As always, you can also go to the dedicated Al’Rashad site.
And Joro doesn’t stop snacking even with the murder and the politics going on all around him.
That kid has his priorities straight.
Alric is probably going to tell Dalakhra to go screw, but I’m interested in his proposal nonetheless. It probably involves him agreeing to everything Alric wanted from Jandal and more in exchange for his silence and assistance with dealing with Apali, Fezay, Kahal, Rayana, etc.
If I were Dalakhra, assuming he means what he says, my proposal would be “You get your war, with Al-Rashad’s full and enthusiastic support under my leadership. Oh, I’m not in charge? Well, I will be as soon as the Califa here puts me in charge. She feels she’ll be unable to rule effectively from Gundring, where she’ll be moving soon with her new husband.”
One thing in the equation here is: what kind of empire is the Boka?
If the Boka are a semi-modern empire, like 17th century Sweden or early 19th century Russia, with a relatively developed bureacracy, then Dalakhra shouldn’t ally himself with the Boka. If the empire has bureaucracy, it can rule without a local despot in charge. At the most, it will need a large amount of local nobles as intermediaries, but it will not need a local leader. Thus, becoming a satrap for such an empire would be a temporary relationship, ending with the empire replacing the satrap after they have consolidated power and established a more developed bureacratical system in Al-Rashad.
On the other hand, if the Boka are an old-school despotic empire, like the ancient Persia, being their local satrap is not a bad deal at all. Such an empire is essentially incapable of wielding any influence in the internal affairs of its provinces. Beyond the line of sight from the god-king, he has no real power, only vassals who have sworn him fealty. The most such an empire can demand is an annual tribute of money and handicrafts. The satraps are independent rulers, as long as they are more than 20 miles from the capital. And any empire worth its salt knows that the satrap must be a local. Otherwise he won’t last long and the province will rebel. The satrap will remain in power as long as he can get rid of any internal opposition inside his satrapy.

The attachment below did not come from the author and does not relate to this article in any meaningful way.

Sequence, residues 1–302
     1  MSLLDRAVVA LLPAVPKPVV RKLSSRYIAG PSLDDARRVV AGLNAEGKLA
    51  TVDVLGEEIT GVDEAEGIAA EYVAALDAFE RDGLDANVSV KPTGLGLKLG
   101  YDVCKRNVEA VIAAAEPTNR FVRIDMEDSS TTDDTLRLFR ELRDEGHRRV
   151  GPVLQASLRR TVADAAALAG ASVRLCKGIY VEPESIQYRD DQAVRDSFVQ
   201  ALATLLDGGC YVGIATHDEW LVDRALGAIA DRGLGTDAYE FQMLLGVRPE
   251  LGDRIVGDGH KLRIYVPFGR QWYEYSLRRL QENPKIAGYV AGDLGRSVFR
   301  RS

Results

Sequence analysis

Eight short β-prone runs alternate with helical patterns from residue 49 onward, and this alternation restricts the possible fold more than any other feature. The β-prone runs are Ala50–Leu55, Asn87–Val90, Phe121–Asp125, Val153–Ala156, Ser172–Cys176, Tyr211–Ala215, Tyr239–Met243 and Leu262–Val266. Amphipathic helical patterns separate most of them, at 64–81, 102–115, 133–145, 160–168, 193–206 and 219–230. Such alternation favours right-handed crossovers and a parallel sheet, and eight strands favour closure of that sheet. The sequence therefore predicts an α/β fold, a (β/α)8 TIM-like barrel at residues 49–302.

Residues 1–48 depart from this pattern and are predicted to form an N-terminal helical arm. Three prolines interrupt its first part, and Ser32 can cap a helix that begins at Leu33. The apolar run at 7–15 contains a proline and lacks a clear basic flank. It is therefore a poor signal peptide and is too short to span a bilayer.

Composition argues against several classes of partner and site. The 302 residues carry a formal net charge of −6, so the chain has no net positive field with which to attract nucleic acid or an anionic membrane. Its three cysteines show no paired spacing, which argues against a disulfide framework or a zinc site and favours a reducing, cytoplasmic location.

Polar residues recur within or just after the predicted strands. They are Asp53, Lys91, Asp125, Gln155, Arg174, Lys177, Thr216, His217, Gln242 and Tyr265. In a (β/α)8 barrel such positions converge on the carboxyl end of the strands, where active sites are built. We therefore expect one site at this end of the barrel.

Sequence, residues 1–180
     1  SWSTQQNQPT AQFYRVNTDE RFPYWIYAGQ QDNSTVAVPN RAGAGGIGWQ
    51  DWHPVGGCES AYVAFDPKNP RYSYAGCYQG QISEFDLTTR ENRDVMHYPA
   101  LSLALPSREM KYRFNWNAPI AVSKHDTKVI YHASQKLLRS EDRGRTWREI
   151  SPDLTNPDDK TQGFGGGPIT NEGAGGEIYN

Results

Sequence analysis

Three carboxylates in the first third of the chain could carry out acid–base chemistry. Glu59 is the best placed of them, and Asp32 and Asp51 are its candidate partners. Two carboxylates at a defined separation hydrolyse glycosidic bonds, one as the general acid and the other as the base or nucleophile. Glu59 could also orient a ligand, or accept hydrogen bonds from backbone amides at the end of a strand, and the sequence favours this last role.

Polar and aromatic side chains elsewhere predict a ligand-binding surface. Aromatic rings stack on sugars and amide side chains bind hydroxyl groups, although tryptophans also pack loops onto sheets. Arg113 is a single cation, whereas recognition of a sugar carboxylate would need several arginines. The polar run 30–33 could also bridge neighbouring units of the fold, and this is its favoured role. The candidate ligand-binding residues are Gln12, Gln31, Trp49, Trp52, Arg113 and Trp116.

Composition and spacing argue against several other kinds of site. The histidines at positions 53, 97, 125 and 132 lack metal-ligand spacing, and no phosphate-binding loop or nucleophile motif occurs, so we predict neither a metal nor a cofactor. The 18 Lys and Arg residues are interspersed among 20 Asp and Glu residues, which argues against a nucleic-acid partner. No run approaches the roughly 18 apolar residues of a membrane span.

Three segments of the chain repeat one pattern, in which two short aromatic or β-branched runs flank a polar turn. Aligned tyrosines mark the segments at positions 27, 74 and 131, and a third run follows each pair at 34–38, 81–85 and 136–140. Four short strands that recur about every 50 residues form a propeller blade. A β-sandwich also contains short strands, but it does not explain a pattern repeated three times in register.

Reading Xenophon’s Anabasis and the Chapters III and IV of Herodotos’s Histories gives you quite a good idea how satraps got power, wielded power and lost power. They also give you a very good idea about how much independence the satraps had.
Pedantry: Boka is the name of the empire. (Technically it’s Ra-Boka.) The inhabitants of said empire are the Bokans, not the Boka.
Saying Dalakhra shouldn’t ally himself with ‘the Boka’ would be a bit like saying someone shouldn’t ally themselves with ‘the Roman’ when what you mean is ‘the Roman Empire.’
One question worth asking: how evil is Ra-Boka? We’ve already seen that they have undead soldiers, and they’re happily expanding everywhere and subverting anyone they can. What if they’re not just another expanding empire, but a genuine power of darkness. Dalakhra’s not a nice man, but I think even he would hesitate at making a deal with actual devils.
“Javelin” “Q” – Dear sirs, you are classy bastards and awesome men both. Thank you for a huge nostalgic smile.
PS, when is someone going to make the Belgariad a visual thing?
@Canukistani John: There is a manga version of the Belgariad actually…
The fact that people still read the Belgariad saddens me, and the fact that there’s a manga version saddens me MORE.
@Murc – It’s a nostalgia thing for me – it’s formulaic, but it was fun as hell when I was 14 or so, so it has a place on the guilty pleasures shelf that holds up my RPG books. Like second hand John Ringo.
@Lurker – That’s interesting, who makes it?
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